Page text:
Thursday, December 31, 2009


It's traditional to think about a new job at this time of year. Sometime toward the end of the first quarter the job outlook is really going to improve, so my headhunter friends tell me. Then, I expect that a lot of people will make a lot of new moves. That's going to free up more jobs and encourage more movement in the job market. More job opportunities!

But a career is based on more than just a succession of jobs. So make a point of adding to your skills and your professional network in 2010. Here's an interesting article  from the Wall Street Journal on jobs of the future; it might give you some ideas on what skills you may want to learn:

HAPPPY NEW YEAR! 2010 is going to be great.


Tuesday, December 22, 2009

Take the Time to Volunteer...

...not just this time of year, but all year round. There is a reason why more and more companies are sponsoring volunteering programs for their employees. Choosing to volunteer not only helps the people and organizations you are serving, but can help you a lot, too, in very practical ways.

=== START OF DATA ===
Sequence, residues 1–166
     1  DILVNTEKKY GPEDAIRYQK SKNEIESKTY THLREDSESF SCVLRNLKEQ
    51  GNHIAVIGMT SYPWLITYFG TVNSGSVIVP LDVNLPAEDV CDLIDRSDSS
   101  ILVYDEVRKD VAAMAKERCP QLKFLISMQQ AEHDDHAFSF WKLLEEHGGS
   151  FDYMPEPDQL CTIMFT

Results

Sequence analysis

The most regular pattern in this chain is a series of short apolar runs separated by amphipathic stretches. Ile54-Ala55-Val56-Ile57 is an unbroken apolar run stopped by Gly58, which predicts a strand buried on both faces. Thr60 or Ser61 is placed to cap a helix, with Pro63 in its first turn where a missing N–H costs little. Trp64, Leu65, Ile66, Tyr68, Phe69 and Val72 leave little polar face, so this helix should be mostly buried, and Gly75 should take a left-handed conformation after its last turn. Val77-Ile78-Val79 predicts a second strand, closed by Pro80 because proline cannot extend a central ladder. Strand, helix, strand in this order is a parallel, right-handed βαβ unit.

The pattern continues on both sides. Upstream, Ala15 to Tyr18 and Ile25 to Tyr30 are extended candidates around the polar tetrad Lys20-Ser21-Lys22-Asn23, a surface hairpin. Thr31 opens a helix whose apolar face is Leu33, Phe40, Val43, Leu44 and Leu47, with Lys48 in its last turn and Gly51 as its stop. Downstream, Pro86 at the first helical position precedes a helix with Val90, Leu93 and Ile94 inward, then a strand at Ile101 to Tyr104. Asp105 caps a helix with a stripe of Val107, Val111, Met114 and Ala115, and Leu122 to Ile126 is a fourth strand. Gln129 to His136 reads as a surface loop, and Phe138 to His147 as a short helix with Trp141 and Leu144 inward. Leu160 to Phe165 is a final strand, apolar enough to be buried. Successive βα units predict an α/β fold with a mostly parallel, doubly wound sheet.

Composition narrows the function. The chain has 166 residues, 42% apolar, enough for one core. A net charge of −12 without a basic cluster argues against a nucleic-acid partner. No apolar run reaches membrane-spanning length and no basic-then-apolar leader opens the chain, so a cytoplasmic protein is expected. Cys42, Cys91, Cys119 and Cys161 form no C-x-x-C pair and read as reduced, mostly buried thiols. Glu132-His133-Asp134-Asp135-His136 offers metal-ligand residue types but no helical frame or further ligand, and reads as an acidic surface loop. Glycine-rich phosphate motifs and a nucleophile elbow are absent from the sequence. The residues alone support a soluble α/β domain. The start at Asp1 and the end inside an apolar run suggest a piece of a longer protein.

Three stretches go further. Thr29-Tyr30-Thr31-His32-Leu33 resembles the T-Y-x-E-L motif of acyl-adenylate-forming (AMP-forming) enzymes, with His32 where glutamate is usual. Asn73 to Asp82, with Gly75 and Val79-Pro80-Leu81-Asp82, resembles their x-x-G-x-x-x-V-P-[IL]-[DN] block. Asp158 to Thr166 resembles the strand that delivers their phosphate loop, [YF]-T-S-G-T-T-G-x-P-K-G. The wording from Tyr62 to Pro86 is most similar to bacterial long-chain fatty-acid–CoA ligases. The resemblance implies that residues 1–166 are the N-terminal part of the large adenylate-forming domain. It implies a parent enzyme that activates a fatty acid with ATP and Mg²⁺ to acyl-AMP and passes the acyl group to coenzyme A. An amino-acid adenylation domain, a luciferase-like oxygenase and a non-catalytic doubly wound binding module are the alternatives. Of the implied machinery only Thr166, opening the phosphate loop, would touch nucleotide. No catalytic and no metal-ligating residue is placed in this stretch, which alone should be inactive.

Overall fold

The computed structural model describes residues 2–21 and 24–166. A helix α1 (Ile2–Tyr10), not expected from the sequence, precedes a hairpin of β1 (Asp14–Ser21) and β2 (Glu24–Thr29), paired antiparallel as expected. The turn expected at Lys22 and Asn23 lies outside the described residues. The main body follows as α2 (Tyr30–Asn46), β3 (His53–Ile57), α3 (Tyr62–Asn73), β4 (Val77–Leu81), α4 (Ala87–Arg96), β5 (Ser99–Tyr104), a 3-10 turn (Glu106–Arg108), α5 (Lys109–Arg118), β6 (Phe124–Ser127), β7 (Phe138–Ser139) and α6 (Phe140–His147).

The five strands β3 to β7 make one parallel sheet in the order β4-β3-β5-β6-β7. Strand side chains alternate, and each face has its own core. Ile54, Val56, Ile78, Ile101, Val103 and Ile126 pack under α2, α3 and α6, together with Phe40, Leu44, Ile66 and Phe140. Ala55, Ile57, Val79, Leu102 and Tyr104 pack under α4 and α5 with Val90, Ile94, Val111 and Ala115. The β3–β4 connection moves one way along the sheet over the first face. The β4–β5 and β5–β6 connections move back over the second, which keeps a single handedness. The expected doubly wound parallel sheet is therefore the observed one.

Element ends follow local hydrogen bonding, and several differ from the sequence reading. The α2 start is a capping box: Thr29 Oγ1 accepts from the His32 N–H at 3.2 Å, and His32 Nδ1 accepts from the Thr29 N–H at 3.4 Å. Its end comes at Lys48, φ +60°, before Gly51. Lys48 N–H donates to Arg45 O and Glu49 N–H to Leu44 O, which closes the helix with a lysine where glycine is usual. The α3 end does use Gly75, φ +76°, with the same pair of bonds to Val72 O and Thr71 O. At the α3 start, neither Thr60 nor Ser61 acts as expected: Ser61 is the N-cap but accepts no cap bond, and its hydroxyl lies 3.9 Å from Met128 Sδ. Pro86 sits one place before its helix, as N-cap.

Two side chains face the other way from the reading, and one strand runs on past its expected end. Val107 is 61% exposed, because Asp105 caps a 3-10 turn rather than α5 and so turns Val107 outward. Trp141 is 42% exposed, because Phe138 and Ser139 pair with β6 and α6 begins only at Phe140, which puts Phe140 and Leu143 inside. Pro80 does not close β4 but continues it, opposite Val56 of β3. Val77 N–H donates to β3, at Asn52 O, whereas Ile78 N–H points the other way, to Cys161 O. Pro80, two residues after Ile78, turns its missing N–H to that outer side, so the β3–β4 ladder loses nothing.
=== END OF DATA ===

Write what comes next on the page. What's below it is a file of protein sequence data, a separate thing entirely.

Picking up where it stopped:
If you are working and you volunteer for a company-sponsored activity, you can meet and work with people from other parts or levels of your own organization, a real exposure bonus. One of our clients made a very successful proposal to a senior manager a month after she had painted a day care center with him. He knew her, and she knew him, which made the presentation much easier to do and much easier to receive.

If you are working and you volunteer on your own, you will get to know a whole new organization with a new cast of characters. That can broaden your own skills and abilities and even show you a new career direction. One of our clients ended up a leader in every organization she volunteered for. She used that experience to move into a very successful management career.

If you are NOT working, volunteering can make a huge difference to you. It will get you out of the house. It will give you some recent accomplishments to put on your resume. It will give you something new to talk about in an interview. It will broaden your personal network. The important thing to remember is to volunteer your professional skills when you can. Several of our clients who are looking for work in this recession have added impressive volunteer activity to their resumes. If you can't find such an opportunity, ask your professional association. Many sponsor volunteer activities for their members.